A framework for top-level decision-making on investment impacts, with particular regard to environmental, social and governance (ESG) investment, is in development by Media Super chief investment officer, Jon Glass.

“It’s a way to help trustees think through ESG issues, and to evaluate whether they should make decisions that will then have an impact on the portfolio,” he said.

Introducing the framework at the Australian Council of Superannuation Investors conference on ESG investment earlier this month, Glass has termed it “point of decision, point of impact”, or PODPOI, designed to assist in investment decisions and the impact they are likely to have on a portfolio.

Glass said a PODPOI decision could be, for example, to take a view on climate change in general or, more specifically, a view on the future of fossil fuels.

“Then you would make a decision to implement that somewhere in your portfolio through your equity or the bond holdings, and that to me is a decision, and that will have an impact.”

Glass said funds should have a much greater level of awareness of the potential volatility in asset valuation and the risk of mispricing on the buy and sell sides.

He warned funds should be prepared for a negative outcome if they haven’t considered externalities in assessing long-term investment risk.

“People are slowly becoming aware that when you make investment decisions, you have to think through how you’ll react to the consequences of those decisions.

Actions, not words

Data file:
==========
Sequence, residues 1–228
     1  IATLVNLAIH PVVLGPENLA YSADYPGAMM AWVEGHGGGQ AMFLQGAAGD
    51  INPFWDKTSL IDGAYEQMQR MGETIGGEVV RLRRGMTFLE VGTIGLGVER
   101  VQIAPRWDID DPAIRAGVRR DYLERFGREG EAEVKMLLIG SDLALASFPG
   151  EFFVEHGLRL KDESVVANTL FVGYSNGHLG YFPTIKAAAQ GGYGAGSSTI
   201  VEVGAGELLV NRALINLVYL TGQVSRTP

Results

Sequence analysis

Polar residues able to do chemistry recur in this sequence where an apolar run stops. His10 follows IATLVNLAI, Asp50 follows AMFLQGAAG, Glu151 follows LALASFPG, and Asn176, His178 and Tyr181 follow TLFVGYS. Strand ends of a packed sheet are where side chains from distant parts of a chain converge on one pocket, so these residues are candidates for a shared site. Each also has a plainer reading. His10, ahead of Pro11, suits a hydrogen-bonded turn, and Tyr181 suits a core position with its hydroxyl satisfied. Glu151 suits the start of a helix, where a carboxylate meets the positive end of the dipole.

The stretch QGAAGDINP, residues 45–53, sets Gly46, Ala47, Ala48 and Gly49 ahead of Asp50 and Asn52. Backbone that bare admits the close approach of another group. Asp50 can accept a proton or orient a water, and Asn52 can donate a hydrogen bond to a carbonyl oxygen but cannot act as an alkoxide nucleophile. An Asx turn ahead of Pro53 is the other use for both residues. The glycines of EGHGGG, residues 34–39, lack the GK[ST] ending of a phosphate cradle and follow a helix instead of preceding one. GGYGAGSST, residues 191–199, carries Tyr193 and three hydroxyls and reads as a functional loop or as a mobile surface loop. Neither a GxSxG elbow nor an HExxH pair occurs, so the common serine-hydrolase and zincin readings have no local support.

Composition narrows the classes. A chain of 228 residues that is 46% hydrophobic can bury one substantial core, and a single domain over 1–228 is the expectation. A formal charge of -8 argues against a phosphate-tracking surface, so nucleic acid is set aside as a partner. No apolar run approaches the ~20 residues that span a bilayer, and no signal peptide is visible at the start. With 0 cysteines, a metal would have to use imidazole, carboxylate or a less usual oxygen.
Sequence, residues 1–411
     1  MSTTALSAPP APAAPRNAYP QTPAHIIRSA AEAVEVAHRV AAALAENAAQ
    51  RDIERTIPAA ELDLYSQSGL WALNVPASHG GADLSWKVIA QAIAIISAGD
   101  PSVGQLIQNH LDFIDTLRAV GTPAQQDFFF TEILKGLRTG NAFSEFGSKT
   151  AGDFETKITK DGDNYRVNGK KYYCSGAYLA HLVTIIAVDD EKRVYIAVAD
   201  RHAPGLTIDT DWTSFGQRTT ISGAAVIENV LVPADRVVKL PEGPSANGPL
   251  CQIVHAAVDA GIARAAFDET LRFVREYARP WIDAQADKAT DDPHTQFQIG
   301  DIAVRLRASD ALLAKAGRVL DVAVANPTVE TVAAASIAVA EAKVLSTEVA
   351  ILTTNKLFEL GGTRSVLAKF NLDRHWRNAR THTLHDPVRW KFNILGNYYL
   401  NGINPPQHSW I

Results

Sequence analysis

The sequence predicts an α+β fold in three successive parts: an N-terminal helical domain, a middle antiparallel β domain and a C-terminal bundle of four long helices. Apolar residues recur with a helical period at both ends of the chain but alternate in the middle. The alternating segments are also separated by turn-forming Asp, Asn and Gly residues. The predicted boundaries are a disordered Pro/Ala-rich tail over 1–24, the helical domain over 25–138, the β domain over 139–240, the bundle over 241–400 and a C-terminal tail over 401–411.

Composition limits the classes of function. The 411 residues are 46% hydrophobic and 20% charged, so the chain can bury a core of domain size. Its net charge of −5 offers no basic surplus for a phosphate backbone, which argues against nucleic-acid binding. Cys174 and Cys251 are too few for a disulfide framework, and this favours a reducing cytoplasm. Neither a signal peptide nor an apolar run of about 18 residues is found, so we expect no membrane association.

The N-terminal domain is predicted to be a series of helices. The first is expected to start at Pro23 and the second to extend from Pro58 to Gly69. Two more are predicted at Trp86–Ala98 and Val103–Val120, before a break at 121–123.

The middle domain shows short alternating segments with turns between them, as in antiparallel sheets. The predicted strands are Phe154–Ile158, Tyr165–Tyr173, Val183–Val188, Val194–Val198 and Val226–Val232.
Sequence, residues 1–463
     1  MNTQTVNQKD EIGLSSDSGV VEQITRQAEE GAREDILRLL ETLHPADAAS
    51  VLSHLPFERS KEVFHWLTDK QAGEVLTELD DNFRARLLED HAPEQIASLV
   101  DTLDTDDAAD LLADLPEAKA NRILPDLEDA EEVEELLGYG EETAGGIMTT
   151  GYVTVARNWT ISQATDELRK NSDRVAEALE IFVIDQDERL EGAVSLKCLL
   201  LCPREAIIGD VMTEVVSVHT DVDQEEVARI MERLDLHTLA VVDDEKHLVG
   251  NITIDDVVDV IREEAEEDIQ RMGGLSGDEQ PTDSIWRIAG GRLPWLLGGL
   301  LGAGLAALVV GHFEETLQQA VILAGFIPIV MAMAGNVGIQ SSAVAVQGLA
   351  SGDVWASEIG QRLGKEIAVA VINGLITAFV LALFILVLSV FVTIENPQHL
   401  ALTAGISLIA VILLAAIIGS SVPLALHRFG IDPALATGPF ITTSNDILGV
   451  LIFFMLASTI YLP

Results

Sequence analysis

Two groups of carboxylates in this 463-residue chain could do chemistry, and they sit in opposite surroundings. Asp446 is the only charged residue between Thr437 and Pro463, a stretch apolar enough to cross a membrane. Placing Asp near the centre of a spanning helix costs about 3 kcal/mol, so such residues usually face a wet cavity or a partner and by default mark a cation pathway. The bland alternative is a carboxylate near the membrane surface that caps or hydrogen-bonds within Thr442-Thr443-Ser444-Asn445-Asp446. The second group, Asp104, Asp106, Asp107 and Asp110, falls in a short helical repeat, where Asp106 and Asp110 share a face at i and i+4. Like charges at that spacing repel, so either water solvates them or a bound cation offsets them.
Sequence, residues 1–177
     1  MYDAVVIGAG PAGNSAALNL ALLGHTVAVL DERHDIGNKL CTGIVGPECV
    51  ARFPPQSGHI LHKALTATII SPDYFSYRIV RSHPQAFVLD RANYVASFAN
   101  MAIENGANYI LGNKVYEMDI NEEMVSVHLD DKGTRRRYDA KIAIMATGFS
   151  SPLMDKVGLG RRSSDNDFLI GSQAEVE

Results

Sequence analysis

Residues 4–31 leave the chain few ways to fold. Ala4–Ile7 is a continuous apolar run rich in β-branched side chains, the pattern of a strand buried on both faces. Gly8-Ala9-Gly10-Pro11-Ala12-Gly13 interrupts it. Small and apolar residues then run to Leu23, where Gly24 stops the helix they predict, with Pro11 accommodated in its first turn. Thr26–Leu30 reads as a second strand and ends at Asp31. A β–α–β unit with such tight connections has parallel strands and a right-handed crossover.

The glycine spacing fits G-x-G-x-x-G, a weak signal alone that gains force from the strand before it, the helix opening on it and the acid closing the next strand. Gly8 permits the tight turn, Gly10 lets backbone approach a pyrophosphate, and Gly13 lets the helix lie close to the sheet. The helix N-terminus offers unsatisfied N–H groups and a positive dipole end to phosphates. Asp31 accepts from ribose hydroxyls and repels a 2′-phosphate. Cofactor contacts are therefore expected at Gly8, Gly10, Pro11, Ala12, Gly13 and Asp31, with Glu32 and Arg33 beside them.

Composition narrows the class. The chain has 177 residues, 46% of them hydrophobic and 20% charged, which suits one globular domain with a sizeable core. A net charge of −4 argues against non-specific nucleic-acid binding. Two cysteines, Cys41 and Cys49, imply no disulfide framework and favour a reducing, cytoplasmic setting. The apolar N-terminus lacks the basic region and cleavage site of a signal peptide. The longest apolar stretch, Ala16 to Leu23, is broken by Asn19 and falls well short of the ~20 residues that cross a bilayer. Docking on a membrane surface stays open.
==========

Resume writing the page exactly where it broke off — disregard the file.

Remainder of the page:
“There’s a benign theory that says, every decision you make will be good for the fund. We know that can’t possibly be right. It’s almost as if you have to gear yourself up for a bad outcome. I call that a pre-mortem.”

Media Super, a $3.2-billion fund, signed up to the United Nations-backed Principles of Responsible Investment two years ago, and Glass said the fund’s engagement with ESG investment is a work in progress.

You want to move slowly and deliberately, not quickly. You want to make sure that your PODPOI is based on an economic thesis that will play itself out in terms of delivering returns to your members.

“Does that mean you are prevented from making certain decisions? Not at all. But I’m saying the economic thesis is paramount, because we’re here to deliver returns to members.”

“Being a signatory to UNPRI and having a written ESG policy in an investor policy statement are useful, but not enough,” added Glass.

I’m sure there are individual funds that are doing wonderful things… but as an industry, we have yet to rise to the challenge.

“I believe that the members of super funds would be comfortable for us to make these PODPOI decisions as long as we explain what we’re doing and why, monitor the impact and report back to them.”

However, Glass said a major challenge for chief investment officers is coping with the “information tsunami”.

“Any fund is going to have a lot of investment managers working for them, and they churn out thoughts and research… How do you assimilate it, absorb it, make use out of it?”

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